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There are examples where arbitration proceedings have turned, amongst other things, on the correct understanding and interpretation by the arbitral tribunal of the exact meaning of this Russian term.
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Remarkably, in one instance the interpreter was granted leave by the tribunal to take his linguistic hat off and put his lawyer’s hat on, effectively turning him, informally, for a short while into an expert witness. A few minutes of intense discussion between the arbitrators and the interpreter ensued even as the actual Russian expert witness was quizzically looking on. It then transpired that the “right to dispose of a thing” (pravo rasporiazheniya), for all practical purposes means the right to “determine the legal fate of a thing”, i.e. the right to sell, transfer, gift, assign, charge, pledge, lease out or even destroy the res.

In yet another example of the intricacies of Russian legal jargon, he 1994 Russian Civil Code has been translated into English several times by at least three different groups of linguists. It appears that only one of those translations has been professionally edited by a Russian lawyer. Some of the translations err on the side of caution, i.e. are too literal. For instance, one cryptic translation, in the section dealing with different types of persons (or, as they are called in Russian law, “subjects of law”) is something that appears in the English version as “economic society”. It really takes quite a flight of imagination for a reader to figure out that the translator has simply tried to stay as close as possible to the Russian original, which in turn borrows heavily from the French “societe” and the German “Gesellschaft”. In fact, all the Russian term хозяйственное общество (“khoziaystvennoye obshestvo”) actually denotes, is a “commercial company”.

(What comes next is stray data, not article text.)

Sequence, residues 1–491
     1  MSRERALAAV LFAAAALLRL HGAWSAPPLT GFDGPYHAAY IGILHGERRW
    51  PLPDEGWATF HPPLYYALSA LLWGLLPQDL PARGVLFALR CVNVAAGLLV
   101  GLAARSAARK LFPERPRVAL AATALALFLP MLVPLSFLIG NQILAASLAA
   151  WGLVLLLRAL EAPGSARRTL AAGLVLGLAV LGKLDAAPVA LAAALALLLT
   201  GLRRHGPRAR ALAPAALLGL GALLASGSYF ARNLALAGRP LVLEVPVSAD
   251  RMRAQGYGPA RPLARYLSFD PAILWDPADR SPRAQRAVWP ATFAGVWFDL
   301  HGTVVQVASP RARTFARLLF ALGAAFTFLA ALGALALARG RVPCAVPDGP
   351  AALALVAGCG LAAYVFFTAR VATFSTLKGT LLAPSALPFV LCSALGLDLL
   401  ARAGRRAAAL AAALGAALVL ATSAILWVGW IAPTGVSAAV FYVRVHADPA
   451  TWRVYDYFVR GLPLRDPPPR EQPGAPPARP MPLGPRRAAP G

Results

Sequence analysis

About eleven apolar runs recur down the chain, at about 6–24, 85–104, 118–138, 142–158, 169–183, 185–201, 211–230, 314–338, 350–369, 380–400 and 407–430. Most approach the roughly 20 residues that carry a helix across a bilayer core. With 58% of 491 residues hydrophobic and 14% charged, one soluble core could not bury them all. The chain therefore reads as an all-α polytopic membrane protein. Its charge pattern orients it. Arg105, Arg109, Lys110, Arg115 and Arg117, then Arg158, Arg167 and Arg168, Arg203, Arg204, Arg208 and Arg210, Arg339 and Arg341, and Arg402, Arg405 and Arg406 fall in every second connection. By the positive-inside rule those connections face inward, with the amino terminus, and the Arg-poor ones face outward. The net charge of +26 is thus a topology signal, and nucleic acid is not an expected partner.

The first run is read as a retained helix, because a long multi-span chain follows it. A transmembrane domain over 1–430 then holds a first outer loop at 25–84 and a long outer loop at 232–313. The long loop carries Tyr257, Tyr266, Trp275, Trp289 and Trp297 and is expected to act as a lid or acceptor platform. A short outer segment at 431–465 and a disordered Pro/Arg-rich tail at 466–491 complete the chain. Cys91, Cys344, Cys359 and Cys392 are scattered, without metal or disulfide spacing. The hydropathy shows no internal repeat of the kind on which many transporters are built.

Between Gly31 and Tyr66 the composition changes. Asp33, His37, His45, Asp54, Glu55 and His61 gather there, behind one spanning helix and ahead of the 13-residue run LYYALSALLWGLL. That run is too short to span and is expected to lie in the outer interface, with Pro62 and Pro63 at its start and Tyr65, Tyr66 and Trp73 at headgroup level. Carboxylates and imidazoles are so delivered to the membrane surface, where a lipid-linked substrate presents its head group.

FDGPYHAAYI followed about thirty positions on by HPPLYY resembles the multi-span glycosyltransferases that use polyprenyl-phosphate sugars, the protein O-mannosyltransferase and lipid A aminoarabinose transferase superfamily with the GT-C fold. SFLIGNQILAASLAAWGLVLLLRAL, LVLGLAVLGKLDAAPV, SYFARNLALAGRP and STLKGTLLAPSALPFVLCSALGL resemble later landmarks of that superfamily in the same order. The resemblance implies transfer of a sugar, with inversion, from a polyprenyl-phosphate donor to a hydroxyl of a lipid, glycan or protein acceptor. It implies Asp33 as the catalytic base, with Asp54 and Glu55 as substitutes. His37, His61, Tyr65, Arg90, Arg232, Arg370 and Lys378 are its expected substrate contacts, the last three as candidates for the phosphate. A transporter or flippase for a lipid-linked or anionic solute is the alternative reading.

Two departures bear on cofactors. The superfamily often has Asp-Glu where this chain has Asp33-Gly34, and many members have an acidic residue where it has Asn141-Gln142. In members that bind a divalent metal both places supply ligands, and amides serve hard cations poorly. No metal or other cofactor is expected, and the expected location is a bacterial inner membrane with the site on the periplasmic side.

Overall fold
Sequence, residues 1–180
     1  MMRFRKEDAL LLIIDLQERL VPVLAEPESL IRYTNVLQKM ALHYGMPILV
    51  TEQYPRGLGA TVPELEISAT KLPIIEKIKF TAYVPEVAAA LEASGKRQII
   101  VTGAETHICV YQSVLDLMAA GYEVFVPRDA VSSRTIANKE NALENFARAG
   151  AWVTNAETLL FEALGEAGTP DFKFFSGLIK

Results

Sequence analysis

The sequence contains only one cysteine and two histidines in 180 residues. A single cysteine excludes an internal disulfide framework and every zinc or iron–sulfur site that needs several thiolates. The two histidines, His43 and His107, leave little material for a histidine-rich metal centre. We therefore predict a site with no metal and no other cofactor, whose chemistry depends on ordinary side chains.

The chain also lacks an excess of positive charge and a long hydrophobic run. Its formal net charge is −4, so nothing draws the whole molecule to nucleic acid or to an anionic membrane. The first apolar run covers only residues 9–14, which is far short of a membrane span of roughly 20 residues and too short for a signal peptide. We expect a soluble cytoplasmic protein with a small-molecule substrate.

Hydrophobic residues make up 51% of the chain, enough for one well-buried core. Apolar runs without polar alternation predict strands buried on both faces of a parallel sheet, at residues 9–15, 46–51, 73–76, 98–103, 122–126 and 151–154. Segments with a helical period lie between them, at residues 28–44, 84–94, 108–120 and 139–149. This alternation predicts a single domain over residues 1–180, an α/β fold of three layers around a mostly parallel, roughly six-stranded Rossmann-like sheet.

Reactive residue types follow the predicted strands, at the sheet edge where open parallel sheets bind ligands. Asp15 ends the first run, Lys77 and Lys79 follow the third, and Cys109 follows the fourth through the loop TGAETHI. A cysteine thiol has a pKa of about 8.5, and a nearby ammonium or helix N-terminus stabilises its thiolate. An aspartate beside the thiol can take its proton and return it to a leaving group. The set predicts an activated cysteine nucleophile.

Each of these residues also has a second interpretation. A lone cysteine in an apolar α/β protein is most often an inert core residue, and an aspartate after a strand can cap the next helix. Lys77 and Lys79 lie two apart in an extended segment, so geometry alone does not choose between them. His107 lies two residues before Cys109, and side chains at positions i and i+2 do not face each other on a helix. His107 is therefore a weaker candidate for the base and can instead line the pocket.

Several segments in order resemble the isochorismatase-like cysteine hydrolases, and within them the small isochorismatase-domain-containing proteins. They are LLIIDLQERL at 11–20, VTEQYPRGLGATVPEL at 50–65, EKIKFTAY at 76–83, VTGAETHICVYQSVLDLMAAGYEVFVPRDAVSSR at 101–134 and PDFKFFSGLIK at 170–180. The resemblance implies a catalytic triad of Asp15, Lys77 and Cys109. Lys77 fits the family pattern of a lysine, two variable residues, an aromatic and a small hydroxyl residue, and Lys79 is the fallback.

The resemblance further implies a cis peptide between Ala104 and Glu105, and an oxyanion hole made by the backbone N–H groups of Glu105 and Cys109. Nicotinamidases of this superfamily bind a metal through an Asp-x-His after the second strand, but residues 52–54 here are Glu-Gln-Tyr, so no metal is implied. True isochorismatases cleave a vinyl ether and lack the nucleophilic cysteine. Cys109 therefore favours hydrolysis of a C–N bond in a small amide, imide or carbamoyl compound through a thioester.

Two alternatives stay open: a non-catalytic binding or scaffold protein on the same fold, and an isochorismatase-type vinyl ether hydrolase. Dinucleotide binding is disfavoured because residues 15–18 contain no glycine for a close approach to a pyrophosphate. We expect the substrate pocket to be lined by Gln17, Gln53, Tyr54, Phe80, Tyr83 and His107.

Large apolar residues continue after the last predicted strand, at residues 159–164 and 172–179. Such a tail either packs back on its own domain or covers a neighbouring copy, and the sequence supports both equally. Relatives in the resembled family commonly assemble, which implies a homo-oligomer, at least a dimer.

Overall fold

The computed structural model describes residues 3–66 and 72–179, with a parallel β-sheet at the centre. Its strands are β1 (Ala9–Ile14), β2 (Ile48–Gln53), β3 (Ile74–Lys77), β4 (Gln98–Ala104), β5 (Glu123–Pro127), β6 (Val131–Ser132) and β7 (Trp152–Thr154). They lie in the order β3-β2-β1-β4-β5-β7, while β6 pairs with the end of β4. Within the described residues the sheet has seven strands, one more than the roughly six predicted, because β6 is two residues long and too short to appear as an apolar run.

In an ideal world, interpreting in court or arbitration should only be done by qualified legal interpreters able to stand his or her ground and fend off the pressures exerted, particularly during cross-examination and often self-servingly, by Russian-speaking lawyers on either side of the isle. A strong legal background involving a clear understanding of both the Russian and the English legal systems would certainly be an advantage.
There are quite a few former linguists among lawyers. It’s a shame that former lawyers among legal interpreters are few and far between.

Is it that the temptation is far too great, once you have become a lawyer, just to keep calm and carry on, even though sometimes an interpreting career might be a viable option?

Victor Prokofiev, a contributing author. Victor is a London-based freelance interpreter and translator.

About the Author:

Professor Yarik Kryvoi, is the founder and co-editor of the CIS Arbitration Forum. He is the Senior Fellow in International Economic Law and Director of the Investment Treaty Forum at the British Institute of International and Comparative Law (BIICL). He holds law degrees from Harvard, Moscow and St Petersburg. Before moving to academia, he practiced law with Freshfields Bruckhaus Deringer, Morgan Lewis & Bockius and Baker & McKenzie in England, the United States and Russia. See full profile at